Brown: Supreme Court right to uphold “faithless elector” laws

Columnist Jake Brown warns of faithless elector laws in the upcoming election, supporting the recent Supreme Court decision. 

Jake Brown

The Supreme Court was right in upholding “faithless elector” laws. Under the Supreme Court decision in Chiafalo v. Washington, states may remove or sanction Electoral College members if those electors go rogue and defy the will of the state’s voters. The 2020 election is already facing many challenges and the Court may have prevented disloyal electors from having an impact on the upcoming election. 

In a unanimous opinion written by Justice Elena Kagan, the Court agreed that states could replace and even punish “faithless electors,” or direct electors of the president who cast their ballots for candidates other than their party’s nominee.  

The core of Justice Kagan’s majority opinion is “the power to appoint an elector in any manner includes the power to condition his appointment — that is, to say what the elector must do for the appointmet to take effect.” In other words, a state could tell an elector they must vote for a particular individual as a condition of being appointed to the Electoral College. 

The case arose from conflicting rulings in the state courts. Washington’s Supreme Court upheld $1,000 fines against three Democratic electors who cast votes in 2016 for former Secretary of State Colin Powell rather than Hillary Clinton. They had hoped electors from other states would join them in electing a Republican other than Trump. By contrast, the U.S. Court of Appeals for the 10th Circuit in Denver ruled that a rogue vote case by a Democratic elector in Colorado for Republican John Kasich, rather than Clinton, deserved to be counted. 

The Supreme Court decided in January to hear both appeals, hoping to avoid intervening in a potential emergency after Election Day should electors choose to defect from voting for their party’s nominee. During one of their last arguments in May, justices from both political parties expressed concern that electors could be bribed, particularly by the losing party in a close election.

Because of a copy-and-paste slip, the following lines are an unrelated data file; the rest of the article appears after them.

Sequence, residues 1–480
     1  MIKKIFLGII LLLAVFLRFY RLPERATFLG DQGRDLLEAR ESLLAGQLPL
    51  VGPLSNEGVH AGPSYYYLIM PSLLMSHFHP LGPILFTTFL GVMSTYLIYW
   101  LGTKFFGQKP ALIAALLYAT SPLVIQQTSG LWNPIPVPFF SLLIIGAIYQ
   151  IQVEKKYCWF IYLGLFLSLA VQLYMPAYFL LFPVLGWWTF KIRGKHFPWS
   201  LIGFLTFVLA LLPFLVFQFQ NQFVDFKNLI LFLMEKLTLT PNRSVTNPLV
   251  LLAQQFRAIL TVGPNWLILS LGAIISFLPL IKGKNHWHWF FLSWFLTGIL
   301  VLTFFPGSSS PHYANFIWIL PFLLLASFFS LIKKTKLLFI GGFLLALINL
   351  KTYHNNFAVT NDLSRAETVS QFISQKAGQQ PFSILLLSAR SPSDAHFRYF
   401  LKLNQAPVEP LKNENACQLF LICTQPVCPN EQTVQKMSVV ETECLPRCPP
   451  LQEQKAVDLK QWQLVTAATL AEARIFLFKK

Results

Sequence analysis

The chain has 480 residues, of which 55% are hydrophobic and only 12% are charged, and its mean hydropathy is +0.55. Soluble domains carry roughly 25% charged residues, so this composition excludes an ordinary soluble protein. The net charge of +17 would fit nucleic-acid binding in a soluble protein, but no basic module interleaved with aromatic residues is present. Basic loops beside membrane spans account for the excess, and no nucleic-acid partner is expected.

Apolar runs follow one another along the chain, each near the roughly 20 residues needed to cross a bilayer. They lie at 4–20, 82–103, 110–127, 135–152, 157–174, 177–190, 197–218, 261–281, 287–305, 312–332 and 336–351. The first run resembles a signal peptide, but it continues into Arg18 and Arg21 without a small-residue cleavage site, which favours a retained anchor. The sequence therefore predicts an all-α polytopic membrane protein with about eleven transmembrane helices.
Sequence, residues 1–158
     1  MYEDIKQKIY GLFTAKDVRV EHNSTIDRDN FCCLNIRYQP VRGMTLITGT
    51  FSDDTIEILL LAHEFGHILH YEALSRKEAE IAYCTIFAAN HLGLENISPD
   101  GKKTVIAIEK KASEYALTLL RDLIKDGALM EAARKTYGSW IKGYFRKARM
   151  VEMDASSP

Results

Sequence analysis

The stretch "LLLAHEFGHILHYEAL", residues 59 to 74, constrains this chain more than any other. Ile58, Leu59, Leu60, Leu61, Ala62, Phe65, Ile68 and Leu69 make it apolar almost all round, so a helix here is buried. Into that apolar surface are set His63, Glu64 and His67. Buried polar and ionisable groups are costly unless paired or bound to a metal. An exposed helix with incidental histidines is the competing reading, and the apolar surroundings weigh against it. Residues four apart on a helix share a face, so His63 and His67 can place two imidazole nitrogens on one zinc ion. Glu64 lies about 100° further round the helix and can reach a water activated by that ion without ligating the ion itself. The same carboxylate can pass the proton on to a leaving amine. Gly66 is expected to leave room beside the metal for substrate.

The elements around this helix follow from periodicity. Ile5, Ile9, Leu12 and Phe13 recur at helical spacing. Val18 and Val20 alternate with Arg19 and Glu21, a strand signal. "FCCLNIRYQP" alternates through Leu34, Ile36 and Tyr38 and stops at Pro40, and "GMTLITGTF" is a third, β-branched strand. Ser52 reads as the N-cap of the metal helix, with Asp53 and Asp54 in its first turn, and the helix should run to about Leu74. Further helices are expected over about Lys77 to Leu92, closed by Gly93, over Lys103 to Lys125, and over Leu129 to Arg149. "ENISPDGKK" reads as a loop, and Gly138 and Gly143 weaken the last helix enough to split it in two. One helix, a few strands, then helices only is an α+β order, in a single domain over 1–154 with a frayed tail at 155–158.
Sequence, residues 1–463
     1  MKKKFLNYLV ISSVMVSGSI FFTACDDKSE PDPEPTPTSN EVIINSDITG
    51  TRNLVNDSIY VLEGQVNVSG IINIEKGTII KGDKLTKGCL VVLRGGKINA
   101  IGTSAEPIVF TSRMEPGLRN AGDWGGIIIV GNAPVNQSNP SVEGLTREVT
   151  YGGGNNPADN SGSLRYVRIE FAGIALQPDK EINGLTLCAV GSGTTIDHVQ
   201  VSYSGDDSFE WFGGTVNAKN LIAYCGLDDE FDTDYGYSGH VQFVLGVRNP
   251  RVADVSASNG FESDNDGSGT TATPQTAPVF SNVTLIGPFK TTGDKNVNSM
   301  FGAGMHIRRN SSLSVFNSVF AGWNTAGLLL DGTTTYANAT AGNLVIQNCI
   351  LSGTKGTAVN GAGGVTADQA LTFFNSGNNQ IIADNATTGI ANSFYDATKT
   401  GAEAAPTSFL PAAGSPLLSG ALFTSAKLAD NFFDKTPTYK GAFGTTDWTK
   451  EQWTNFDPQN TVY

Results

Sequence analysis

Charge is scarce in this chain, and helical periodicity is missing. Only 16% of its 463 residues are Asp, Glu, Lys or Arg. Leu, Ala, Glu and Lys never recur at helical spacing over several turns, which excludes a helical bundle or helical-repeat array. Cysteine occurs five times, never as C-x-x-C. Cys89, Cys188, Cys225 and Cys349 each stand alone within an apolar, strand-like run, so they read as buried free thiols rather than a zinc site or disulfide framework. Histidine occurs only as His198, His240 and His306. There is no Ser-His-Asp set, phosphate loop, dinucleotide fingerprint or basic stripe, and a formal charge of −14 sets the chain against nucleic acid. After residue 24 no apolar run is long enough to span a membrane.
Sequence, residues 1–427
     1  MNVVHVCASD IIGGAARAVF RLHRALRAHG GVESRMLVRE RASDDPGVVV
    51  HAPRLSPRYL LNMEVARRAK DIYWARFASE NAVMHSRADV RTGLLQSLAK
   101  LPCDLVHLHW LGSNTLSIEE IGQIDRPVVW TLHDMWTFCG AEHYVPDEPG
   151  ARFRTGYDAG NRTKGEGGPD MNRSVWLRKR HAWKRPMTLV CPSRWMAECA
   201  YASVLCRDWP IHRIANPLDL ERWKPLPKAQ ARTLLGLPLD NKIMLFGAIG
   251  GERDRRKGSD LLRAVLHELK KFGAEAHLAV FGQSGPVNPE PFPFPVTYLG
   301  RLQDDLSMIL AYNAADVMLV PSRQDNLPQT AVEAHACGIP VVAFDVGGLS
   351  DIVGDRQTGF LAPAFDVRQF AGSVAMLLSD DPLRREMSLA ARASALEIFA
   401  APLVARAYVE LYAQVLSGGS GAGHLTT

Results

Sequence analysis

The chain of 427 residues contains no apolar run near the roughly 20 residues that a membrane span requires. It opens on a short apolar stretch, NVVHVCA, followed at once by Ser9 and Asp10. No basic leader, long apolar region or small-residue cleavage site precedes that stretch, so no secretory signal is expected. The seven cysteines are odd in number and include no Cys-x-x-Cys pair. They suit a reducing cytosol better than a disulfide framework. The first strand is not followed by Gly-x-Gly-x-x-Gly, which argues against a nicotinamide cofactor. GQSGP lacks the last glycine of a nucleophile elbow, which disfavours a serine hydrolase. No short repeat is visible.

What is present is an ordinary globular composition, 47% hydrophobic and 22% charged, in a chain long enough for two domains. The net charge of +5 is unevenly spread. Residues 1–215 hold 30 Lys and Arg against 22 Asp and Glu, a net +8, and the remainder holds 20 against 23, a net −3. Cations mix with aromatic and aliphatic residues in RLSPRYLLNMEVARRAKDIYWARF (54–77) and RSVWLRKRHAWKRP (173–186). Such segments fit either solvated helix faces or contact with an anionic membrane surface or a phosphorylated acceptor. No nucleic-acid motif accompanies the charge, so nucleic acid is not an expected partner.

The Supreme Court knew failure to act could put the nation in a bind if a thin margin in November gives electors the power to upend the election. Never before has this happened, but 10 electors were disloyal — or tried to be — in 2016, enough to change the results of five previous presidential elections. However, there is bipartisan support to hold these electors accountable. 

“What’s motivating both sides in this case is the need to get this resolved before things blow up in November,” said Rebecca Green, co-director of the election law program at William & Mary Law School in Virginia. 

The 2020 presidential election already faces a variety of challenges, with many states seeking to expand absentee voting in the face of the coronavirus pandemic. President Donald Trump forced Republicans to move his convention speech from North Carolina to Florida, and presumptive Democratic nominee Joe Biden warned that Trump might try to steal the election or refuse to leave office. The Supreme Court was right in upholding the validity of the upcoming election by allowing sanctions on faithless electors. 

The chaos surrounding the 2020 presidential election combined with disloyal “faithless” electors could allow political instability to occur. States can now prevent individual electors from changing the result of a presidential election, which will be necessary as our country heads into a chaotic election.